Architecture and Hardware

Inside Risks: Risks in Retrospect

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Having now completed 10 years of "Inside Risks," we reflect here on what has happened in that time. In short, our basic conclusions have not changed much over the years—despite many advances in the technology. Indeed, this lack of change itself seems like a serious risk. Overall, the potential risks have monotonously if not monotonically become worse, relative to increased system/network vulnerabilities and increased threats, and their consequent domestic and worldwide social implications with respect to national stability, e-commerce, personal well-being, and many other factors.

Enormous advances in computing power have diversely challenged our abilities to use information technology intelligently. Distributed systems and the Internet have opened up new possibilities. Security, reliability, and predictability remain seriously inadequate. Privacy, safety, and other socially significant attributes have suffered. Risks have increased in part because of greater complexity, worldwide connectivity, and dependence on systems and people of unknown trustworthiness; vastly many more people are now relying on computers and the Internet; neophytes are diminishing the median level of risk awareness. The mass-market software marketplace eagerly creates new functionality, but is not sufficiently responsive to the needs of critical applications. The development process is often unmanageable for complex systems, which tend to be late, over budget, noncompliant, and in some cases cancelled altogether. Much greater discipline is needed. Many efforts seek quick-and-dirty solutions to complex problems, and long-time readers of this column realize how counterproductive that can be in the long run. The electric power industry has evidently gone from a mentality of "robust" to "just-good-enough most-of-the-time." The monocultural mass-market computer industry seems even less proactive. Off-the-shelf solutions are typically not adequate for mission-critical systems, and in some cases are questionable even in routine uses. The U.S. government and state legislative bodies are struggling to pass politically appealing measures, but are evidently unable to address most of the deeper issues.

Distributed and networked systems are inherently risky. Security is a serious problem, but reliability is also—systems and networks often tend to fall apart on their own, without any provocation. In 1980, we had the accidental complete collapse of the ARPAnet. In 1990, we had the accidental AT&T long-distance collapse. In 1999, Melissa spread itself widely by email infecting Microsoft Outlook users. Just the first few months of 2000 saw extensive distributed denial-of-service attacks (see "Inside Risks," April 2000) and the ILOVEYOU email Trojan horse that again exploited Microsoft Outlook features, propagating much more widely than Melissa. ILOVEYOU was followed by numerous copycat clones. The cost estimates of ILOVEYOU alone are already in the many billions of dollars (Love’s Labor Lost?).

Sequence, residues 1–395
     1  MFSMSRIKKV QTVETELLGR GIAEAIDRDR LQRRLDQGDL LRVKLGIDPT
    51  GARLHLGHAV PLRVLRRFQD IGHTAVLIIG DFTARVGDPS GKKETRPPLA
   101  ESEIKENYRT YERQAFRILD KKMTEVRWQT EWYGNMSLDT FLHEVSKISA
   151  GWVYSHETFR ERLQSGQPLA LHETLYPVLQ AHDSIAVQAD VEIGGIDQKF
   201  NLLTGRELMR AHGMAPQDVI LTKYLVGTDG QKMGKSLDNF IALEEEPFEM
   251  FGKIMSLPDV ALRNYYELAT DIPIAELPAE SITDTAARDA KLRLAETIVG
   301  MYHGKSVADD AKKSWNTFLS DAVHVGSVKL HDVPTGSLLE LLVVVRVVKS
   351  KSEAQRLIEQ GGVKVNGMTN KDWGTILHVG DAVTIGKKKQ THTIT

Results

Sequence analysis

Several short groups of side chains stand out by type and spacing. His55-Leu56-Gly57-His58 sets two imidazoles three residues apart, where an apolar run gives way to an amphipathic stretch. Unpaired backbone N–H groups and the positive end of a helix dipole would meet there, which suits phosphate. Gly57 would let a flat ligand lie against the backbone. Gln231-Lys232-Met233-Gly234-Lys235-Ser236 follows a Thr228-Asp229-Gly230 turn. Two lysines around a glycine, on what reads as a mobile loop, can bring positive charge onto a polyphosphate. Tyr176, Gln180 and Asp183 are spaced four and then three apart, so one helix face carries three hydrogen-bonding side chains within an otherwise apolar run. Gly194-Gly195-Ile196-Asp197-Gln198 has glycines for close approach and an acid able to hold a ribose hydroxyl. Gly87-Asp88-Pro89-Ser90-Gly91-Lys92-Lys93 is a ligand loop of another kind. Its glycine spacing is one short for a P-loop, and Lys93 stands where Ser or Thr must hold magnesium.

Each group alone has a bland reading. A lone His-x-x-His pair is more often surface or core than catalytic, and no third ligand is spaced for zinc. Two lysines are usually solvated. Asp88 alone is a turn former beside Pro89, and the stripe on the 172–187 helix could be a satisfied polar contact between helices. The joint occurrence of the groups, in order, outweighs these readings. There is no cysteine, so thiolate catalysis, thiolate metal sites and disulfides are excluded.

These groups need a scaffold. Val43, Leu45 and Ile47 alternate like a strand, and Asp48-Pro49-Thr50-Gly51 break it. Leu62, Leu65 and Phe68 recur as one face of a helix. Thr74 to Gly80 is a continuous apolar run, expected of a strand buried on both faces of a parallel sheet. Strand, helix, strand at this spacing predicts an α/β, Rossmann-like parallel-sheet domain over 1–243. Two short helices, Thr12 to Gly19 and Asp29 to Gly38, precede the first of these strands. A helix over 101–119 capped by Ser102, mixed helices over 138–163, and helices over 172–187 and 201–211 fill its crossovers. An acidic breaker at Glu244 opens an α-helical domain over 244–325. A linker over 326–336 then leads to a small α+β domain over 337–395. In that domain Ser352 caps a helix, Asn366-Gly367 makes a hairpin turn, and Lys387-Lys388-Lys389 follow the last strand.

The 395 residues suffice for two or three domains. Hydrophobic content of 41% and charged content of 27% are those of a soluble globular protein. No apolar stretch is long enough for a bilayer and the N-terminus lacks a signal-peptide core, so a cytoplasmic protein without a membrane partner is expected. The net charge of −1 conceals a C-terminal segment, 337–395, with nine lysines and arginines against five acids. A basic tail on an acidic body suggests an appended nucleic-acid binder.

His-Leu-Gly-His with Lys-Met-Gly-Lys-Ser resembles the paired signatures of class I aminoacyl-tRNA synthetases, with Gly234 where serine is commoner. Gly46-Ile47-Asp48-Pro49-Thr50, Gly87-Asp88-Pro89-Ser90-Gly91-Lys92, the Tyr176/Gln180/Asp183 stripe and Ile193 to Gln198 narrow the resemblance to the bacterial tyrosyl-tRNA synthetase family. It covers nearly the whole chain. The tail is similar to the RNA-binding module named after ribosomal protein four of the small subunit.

Ironically, these rather simple attacks have demonstrated that relatively minimal technical sophistication can result in far-reaching effects. Furthermore, dramatically less sophistication is required for subsequent copycat attacks. Filtering out attachments to an email message that might contain executable content is not nearly enough. Self-propagating Trojan horses and worms do not require an unsuspecting user to open an attachment—or even to read email. Any Web page read on a system without significant security precautions represents a threat, considering the capabilities of ActiveX, Java, JavaScript, and PostScript (for example). With many people blindly using underprotected operating systems, the existing systemic vulnerabilities also create massive opportunities for direct penetrations and misuse. Thus, the damage could be much greater than the simple cases thus far. Massive penetrations, denials of service, system crashes, and network outages are characteristically easy to perpetrate, and can be parlayed into coordinated unfriendly-nation attacks on some of our national infrastructures. Much subtler attacks are also possible that might not be detected until too late, such as planting Trojan horses capable of remote monitoring, stealing sensitive information, and systematically compromising backups over a long period of time—seriously complicating recovery. However, because such attacks have not happened with wide-scale devastation, most people seem to be rather complacent despite their own fundamental lack of adequate information security.

It is clear that much greater effort is needed to improve the security and robustness of our computer systems. Although many technological advances are emerging in the research community, those that relate to critical systems seem to be of less interest to the commercial development community. Warning signs seem to be largely ignored. Much remains to be done, as has been recommended here for the past 10 years.

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